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Category:  Gardening

Garden Tidbits

 Daylily and Strawberry

by Monica Resinger


If your Daylily plant is a large clump you should divide it so it can become healthier.  When itís large and clumped together, the middle of the plant cannot get the water and nutrients it needs so it will eventually die out if not divided.  You may also want more plants in your garden or to give away to friends and family.

When it is finished flowering, dig up the clump and divide it into many plants then re-plant as many as desired.  It can sometimes be pretty tough to divide a large clump because the roots get tightly woven together -- you might have to slice through it with your shovel a few times to loosen the clump.  Try not to worry about damaging the plant when doing this - Daylilies are very tough.  As long as you have a piece of root, it will grow into a plant. When you are finished planting the divisions, be sure to water thoroughly. 


If you grow your own strawberries, you probably have noticed that runners will grow from the main plant and root themselves somewhere nearby.  These rooted runners are new plants.  Simply cut the runner from the main plant to the new plant after the new one has rooted and, voila, a new strawberry plant. 

There is a variety of strawberry plant that doesnít send off runners but instead grows offsets.  To propagate this type, simply dig it up after harvest, divide into smaller plants, re-plant the offsets and water well.



Did you know Daylily flowers are edible?  Well, they are.  They taste like a sweet lettuce and are a tasty, colorful addition to any salad.  I like them so much I munch a petal almost every time I walk into the garden.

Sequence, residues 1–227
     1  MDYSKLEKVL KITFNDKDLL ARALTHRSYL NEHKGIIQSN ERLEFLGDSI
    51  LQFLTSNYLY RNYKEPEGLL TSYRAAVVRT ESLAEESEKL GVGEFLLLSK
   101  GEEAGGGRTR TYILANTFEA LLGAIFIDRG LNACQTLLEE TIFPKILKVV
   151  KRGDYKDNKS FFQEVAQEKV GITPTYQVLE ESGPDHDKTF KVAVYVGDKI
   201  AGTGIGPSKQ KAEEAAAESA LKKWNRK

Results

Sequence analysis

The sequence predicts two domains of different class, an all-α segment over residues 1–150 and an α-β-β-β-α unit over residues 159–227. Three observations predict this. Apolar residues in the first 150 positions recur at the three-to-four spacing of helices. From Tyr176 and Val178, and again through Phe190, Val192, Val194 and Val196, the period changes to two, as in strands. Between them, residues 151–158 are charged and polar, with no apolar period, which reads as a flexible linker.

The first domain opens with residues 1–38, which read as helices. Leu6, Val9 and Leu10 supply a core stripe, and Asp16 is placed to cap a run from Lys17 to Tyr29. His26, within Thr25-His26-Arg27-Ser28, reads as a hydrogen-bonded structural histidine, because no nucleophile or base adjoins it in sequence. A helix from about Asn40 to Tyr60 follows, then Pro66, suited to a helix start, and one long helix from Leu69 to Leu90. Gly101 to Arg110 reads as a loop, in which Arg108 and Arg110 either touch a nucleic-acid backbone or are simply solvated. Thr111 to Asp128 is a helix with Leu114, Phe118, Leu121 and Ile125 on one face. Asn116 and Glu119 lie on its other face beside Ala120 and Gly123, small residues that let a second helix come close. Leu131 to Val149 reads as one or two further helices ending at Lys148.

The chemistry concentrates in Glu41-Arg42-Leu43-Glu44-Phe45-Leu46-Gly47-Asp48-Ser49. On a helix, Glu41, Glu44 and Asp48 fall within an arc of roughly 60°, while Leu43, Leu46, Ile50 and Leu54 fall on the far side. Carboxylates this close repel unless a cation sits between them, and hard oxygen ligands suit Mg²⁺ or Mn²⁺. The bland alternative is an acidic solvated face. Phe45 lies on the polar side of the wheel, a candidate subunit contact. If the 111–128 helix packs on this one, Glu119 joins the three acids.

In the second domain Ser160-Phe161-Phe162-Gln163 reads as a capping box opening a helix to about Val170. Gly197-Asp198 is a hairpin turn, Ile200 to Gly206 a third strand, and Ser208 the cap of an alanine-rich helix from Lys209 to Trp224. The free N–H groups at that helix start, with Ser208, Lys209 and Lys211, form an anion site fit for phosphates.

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Fresh Strawberry Pie

6 servings

1 Baked 9-inch Pie Shell
1 1/4 C. Sugar
1 Tbsp. Cornstarch
3 Tbsp. Lemon Juice
3 oz. (1 pkg.) Strawberry Gelatin
1 qt. Fresh Strawberries
1 1/2 C. Water Clean and hull strawberries.

In medium saucepan, combine sugar and cornstarch; add water and lemon juice. Over high heat, bring to a boil. Reduce heat; cook and stir until slightly thickened and clear, 4 to 5 minutes.

Add gelatin, stir until dissolved. Cool to room temperature. Stir in strawberries; turn into prepared pastry shell.

Chill 4 to 6 hours or until set.

Serve with whipped cream if desired. Refrigerate leftovers.

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Chilled Strawberry-Mint Soup

1 1/2 cups sliced fresh strawberries
3/4 cup sour cream
3/4 cup heavy cream
2 tablespoons orange juice
2 tablespoons honey
1 1/2 teaspoons finely chopped fresh mint leaves
Fresh strawberry slices, kiwi fruit slices, or fresh mint sprigs

In a food processor or blender, place the strawberries, sour cream, heavy cream, orange juice, and honey; whirl until smooth. Stir in mint. Taste for sweetness; if necessary, add more honey. Refrigerate until well chilled. To serve, put into cold soup bowls and top with strawberry slices, kiwi fruit slices, or mint sprigs. Makes 2 servings.

Get Monica's FREE e-zine for homemakers 3 times per week; just send a blank e-mail to: FREE home and garden e-books at Monica's website, 'Homemaker's Journal E-publications'; Click here:  


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Category:  Gardening

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